We've since embraced Greystone Methodist, but I've opened up further to Greenville Baptist in recognition of my colonial ancestors. I'm not sure how our family would have been ethnically isolated within the mill village, since my father and I, both born in Providence, are integrated by our mothers with native American English families from the 1630s and Providence cofounder William Harris is an ancestor of mine due to that. We're not just British English anymore, so does "Jickie" still apply to us now?

Google book link

Google book link

That book, if you'll search the terms within the Methodist Review, compared Yankees, Yorkshiremen and Aberdeen Scots with Jews, for some odd reason, probably steeped in the "British Israelism" of that time, being 1893. I believe that the argument is for a common sense of native wit and value in education found among all noted, but it's true that all these groups likely formed the largely Republican and non-Roman Catholic populations of RI (the Democratic majority now being Irish, Quebec, Italian, Portuguese).

Graniteville Baptist is the point of contact for my father's family with RI colonial faith. Dad's mother's family are Episcopalian and Mom's Nazarene, so Puritanism isn't strong on any side of my family, if it ever was. I value our total Protestant heritage anyway.

Micks, Frogs, Guineas, Portagees and Polacks: Micks and Frogs walk a fine line between Protestant Republican and Roman Catholic Democrat, because of history with English and Scottish, German and Dutch, whereas Jews align even more foreign than the rest.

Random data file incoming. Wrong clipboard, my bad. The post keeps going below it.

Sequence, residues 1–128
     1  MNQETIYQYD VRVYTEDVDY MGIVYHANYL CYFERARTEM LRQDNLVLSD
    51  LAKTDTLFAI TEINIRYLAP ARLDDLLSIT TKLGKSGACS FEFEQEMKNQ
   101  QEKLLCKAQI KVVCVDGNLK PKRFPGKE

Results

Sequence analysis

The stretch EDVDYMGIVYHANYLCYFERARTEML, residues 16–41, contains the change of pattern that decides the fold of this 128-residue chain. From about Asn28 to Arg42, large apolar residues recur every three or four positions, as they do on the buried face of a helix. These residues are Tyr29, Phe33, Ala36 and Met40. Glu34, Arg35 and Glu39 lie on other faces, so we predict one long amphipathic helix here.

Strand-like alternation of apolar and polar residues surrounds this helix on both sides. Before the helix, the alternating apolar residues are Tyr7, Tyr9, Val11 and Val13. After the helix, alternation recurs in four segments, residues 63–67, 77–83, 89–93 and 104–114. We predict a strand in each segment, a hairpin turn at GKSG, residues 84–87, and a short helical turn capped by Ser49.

I meant my great-grandfather's milk and eggs delivery was in Johnston, whereas Dad's parents' factory Universal Engravers was in Cranston. Their fathers were jewelers in Providence. Mom's parents, Nazarene and Church of God, wed at St John's in Ashton, Cumberland. Dad and Mom wed at Woonsocket Nazarene, but raised us Methodist, Pentecostal and Baptist. Dad went to the Northeastern University for Manufacturing Engineering and brought my sister and I up in the YMCA. He was a Scout, as were we. Profile us as "Jickies"...?

Dr Fischer also wrote that John was the most common name on the Anglo-Scottish border and this accounts for so many Johnsons, Johnstons and Jacksons; the truth being that Andrew and Lyndon Baines Johnson as well as Andrew Jackson all derived from such families. It's possible that Jickie is like Jackie, such as Irish Jackie Gleason, so the name might've come from Jack out of John and not Jake, since Scots go by Jimmy rather than Jacob or James (except their kings, like the King James Bible namesake). Don't forget the Jacobite Highlanders.

My first forefather to go by our surname, was named John, who moved us to Catterick in the time of Braveheart. I've seen John only three other times within nuclear kinship and only once directly in since the late 17th century. Was John as common for North Englishmen, as elsewhere in English society? I've never seen Jack in census records, whether or not those christened John were actually called Jack or just John. I'm not sure where in England Jack and Jill or Jack and the Beanstalk are from, but Little John was a Yorkshireman.

Andrew Jackson's ancestors left Yorkshire for Ulster and the Carolinas, whereas the kin of both Andrew Johnson and LBJ came directly from the Anglo-Scottish Border to Virginia. John and Jack are equally local to the North. I'm not sure how to get to the bottom of this etymological mystery and the truth may be, that multiple sources conflate within the term "Jicky", whether Jake or Jack, just as Johnston may be derived from both Johnson and Johnstown.

I'm not convinced in Portuguese origin, because English folks don't worry about slurs of Wogs like the Papist Portagee or Guinea and there is no point in Nativist WASPs using a foreign term from them to label fellow WASPs. RI was an English colony like Nova Scotia and New England a Dominion like Canada, so whether or not English came before or after the Revolution, we would identify with whatever specific one of the 13 Colonies or States we settled down in first, regardless if the Romanists still identify with the "old country".